When I arrived at MIT in 1976, fresh off the bus from Oklahoma, nuclear fusion looked like an exciting scientific career. The country was still reeling from "the" energy crisis (oil was over $50/barrel in today's prices!), and fusion was the energy source of the future.
It still is.
The promise has always been compelling, and is often described as "unlimited pollution-free energy from seawater." The fusing of two hydrogen nuclei to form a helium nucleus, releasing abundant energy without the radioactive products of nuclear fission, certainly seems cheap and clean. Indeed, this kind of process is the ultimate source of all solar energy as well, and the H-bomb showed that we can create it on earth.
So the challenges for fusion are not fundamental. They're "just engineering."
Foremost among these challenges is keeping the hydrogen nuclei together when they're heated to millions of degrees. This temperature is needed so they can overcome their natural electrical repulsion, but when they have a lot of energy they're just as likely to go in other directions. Sadly, techniques to confine these tiny nuclei seem to require tons and tons of expensive, high-tech equipment. Of course, advocates of cold fusion, now called "Low Energy Nuclear Reactions," think they don't have to solve this problem, but most scientists are unconvinced.
The traditional approach to fusion, then being pursued at MIT, involves confining a donut-shaped plasma of ultra-hot charged particles by using an enormous magnetic field. One problem is that the plasma finds all sorts of ways to wiggle out of the confinement. Over the decades, researchers have made steady progress in controlling these "instabilities." Recent research, still done at MIT and published online in Nature Physics this week, used a surprising technique of levitating a half-ton magnet in mid-air.
The other mainstream approach is to squeeze and heat hydrogen-containing materials by blasting a pellet with powerful lasers from all sides. Research at Lawrence Livermore's National Ignition Facility, published online in Science this week, showed promising results for this approach.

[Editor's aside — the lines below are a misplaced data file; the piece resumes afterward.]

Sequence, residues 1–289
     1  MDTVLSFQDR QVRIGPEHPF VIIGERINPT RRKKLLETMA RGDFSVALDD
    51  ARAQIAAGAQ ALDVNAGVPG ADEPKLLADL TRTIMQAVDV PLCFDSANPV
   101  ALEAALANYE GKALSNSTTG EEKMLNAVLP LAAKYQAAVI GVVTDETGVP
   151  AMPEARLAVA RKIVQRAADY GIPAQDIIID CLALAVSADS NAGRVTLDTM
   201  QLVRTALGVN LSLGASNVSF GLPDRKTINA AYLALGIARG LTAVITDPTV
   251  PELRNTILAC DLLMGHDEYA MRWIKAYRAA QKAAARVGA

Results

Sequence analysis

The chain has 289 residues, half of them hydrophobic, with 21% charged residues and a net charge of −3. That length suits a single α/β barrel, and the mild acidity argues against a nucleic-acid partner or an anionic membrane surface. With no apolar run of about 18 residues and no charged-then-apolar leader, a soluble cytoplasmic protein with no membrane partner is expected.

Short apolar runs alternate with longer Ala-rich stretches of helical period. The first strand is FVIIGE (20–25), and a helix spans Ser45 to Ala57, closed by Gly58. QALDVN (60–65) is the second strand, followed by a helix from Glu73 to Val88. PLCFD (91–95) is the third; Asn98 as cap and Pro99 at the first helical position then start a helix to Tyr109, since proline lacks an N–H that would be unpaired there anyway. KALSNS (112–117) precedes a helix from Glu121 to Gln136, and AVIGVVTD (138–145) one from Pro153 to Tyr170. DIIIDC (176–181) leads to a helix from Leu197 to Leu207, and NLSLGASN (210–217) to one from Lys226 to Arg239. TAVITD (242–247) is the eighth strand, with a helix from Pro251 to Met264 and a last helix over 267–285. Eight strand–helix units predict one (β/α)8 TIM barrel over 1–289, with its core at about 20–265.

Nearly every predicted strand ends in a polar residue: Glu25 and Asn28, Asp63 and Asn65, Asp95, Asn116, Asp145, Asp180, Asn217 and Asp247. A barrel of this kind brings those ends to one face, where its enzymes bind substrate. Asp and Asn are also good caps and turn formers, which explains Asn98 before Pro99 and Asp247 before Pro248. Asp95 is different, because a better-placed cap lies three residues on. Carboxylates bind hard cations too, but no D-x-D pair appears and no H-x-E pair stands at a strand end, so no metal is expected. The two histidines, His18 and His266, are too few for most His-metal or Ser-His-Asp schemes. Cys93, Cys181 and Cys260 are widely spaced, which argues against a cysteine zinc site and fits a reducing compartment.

I've always found the idea of milking a steady stream of power out of occasional explosions inside of a horrendously expensive, delicate laser apparatus confusing. In fact, the long-defunct radical magazine Science for the Peoplepublished an article in 1981 claiming that "inertial confinement" fusion was just a plot by the military to test fusion explosions in the lab. That at least made sense.
The new results seem like steps forward for both approaches, but there's a long way to go. For one thing, neither group actually fused anything. They just set up conditions that seemed promising.
The reality is that no researchers want to actually use fusion-capable fuel in their machines, because it would make them radioactive (the machines, not the researchers). This may sound surprising, since fusion is supposed to be so clean. But although fusion doesn't produce radioactive nuclei, it does make a whole lot of high-speed neutrons. To generate power, researchers would need schemes to extract the energy from these neutrons. But the neutrons also irradiate everything in sight, turning much of the apparatus into hazardous waste, which would make experiments much harder.
But if the researchers keep making progress, they're going to have to use the real stuff soon. They'll look for any fusion at all, and eventually for "scientific breakeven," where they get more energy out than they use to power all the equipment. "Commercial breakeven," where the whole endeavor makes money, is much further down the road.
I wish the researchers good luck; they may yet save our planet. But I'm also glad I didn't decide to spend the last third of a century working on fusion.